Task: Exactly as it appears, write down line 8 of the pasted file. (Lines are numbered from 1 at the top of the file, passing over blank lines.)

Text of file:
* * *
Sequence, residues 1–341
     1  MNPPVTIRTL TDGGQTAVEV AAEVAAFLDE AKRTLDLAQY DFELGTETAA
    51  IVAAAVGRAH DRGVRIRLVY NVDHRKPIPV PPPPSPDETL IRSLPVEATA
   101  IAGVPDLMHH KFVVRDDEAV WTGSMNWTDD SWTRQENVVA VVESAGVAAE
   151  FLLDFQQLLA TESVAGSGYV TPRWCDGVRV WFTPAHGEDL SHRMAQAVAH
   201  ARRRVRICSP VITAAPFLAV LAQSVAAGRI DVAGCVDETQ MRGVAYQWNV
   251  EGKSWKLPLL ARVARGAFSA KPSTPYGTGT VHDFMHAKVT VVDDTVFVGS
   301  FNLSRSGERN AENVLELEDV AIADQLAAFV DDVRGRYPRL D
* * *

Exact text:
   301  FNLSRSGERN AENVLELEDV AIADQLAAFV DDVRGRYPRL D